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WASHINGTON, D.C. - Assistant Attorney General Christopher A. Wray of the Criminal Division announced today that a Grangeville, Idaho businessman was convicted today on three counts of soliciting the murders of a federal judge, a federal prosecutor, and an IRS agent in retaliation for a prior criminal case brought against him.

After a three-week trial in Boise, Idaho, a jury took two days to find David Roland Hinkson guilty of soliciting the murders of U.S. District Judge Edward J. Lodge, Assistant U.S. Attorney Nancy D. Cook, and Internal Revenue Service Special Agent Steven M. Hines. Hinkson was acquitted on three counts related to a separate solicitation to murder the same individuals, and two counts of making threats against the immediate family members of AUSA Cook and SA Hines. The jury deadlocked on three counts of making a third solicitation to murder the judge, the prosecutor and the IRS agent.

The jury found that Hinkson had offered $10,000 per killing to murder the federal officials. Hinkson faces a maximum of 20 years in prison on each of the three solicitation charges. Sentencing is set for April 25, 2005, before Judge Richard C. Tallman at the federal courthouse in Boise.

Hinkson owns and operates a business in Grangeville called Water Oz, which supplies dietary supplements over the Internet. This business sells various products, including mineral waters, that Hinkson claims can treat a wide variety of human ailments, from carpal tunnel syndrome to AIDS and cancer. The business made Hinkson a wealthy man.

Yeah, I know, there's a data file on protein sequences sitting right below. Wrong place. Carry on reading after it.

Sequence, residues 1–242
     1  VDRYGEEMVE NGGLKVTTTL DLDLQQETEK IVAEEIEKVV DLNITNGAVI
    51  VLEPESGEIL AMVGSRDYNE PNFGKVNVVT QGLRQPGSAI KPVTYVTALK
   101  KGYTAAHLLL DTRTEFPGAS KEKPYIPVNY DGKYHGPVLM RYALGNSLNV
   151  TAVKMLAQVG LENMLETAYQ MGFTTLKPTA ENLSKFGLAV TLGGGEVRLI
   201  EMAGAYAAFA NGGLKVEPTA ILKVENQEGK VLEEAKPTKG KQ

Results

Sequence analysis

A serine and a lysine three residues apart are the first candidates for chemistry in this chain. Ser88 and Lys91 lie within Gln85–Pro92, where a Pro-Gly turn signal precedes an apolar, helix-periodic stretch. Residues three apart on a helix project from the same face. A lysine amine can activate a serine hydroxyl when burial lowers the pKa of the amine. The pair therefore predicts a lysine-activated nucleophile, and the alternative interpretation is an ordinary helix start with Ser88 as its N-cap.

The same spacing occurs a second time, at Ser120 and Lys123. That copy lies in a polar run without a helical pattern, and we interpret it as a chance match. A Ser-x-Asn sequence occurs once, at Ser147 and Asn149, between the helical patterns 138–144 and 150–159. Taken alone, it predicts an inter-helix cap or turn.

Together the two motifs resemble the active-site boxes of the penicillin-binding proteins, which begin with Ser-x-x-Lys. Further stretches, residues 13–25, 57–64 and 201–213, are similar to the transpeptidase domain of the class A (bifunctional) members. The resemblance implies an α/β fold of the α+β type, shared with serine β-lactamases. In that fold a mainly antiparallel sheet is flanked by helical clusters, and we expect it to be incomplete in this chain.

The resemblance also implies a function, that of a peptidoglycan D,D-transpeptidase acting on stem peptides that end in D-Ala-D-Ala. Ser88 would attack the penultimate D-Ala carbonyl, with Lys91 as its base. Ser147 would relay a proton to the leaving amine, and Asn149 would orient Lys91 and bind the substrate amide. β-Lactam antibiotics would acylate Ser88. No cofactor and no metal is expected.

In the summer of 2000, the IRS launched a criminal investigation based on evidence that he had willfully failed to file income tax returns or pay employment taxes for his workers. That investigation ultimately produced a 43-count indictment charging Hinkson with failure to file income taxes, failure to pay employment taxes, mislabeling his water products to overstate their mineral content, marketing adulterated drugs, selling misbranded and adulterated ozone generators, and structuring financial transactions to avoid bank currency reporting requirements. In May 2004, Hinkson pleaded guilty to two of the product-violation charges and was found guilty on all of the tax and structuring charges.

Cook was the prosecutor from the Office of the U.S. Attorney for the District of Idaho who was initially assigned to prosecute Hinkson in the tax case. Hines was the lead investigating agent for the Internal Revenue Service. Judge Lodge handled various aspects of the tax case, and he dismissed a civil case Hinkson had filed alleging that his constitutional rights had been violated by Cook and Hines.

“Trying to put a hit on a federal judge, a prosecutor and an agent is an egregious attack on our system of justice and the rule of law,” said Assistant Attorney General Wray. “We are grateful to the jury for recognizing this and providing justice for these victims, who were simply doing their jobs in the pursuit of justice.”

The solicitation and threat case was prosecuted by attorneys Michael P. Sullivan and Michael Taxay of the Criminal Division of the U.S. Department of Justice. The Office of the U.S. Attorney for the District of Idaho was recused from the prosecution because Cook was a victim. U.S. Attorney Thomas E. Moss stated, “I appreciate the hard work and dedication that the prosecutors brought to this important case.” Because Judge Lodge was also a victim, the case was tried before a visiting judge from the Ninth Circuit Court of Appeals, U.S. Circuit Judge Richard C. Tallman.

The case was investigated by the Federal Bureau of Investigation in conjunction with the Treasury Inspector General for Tax Administration.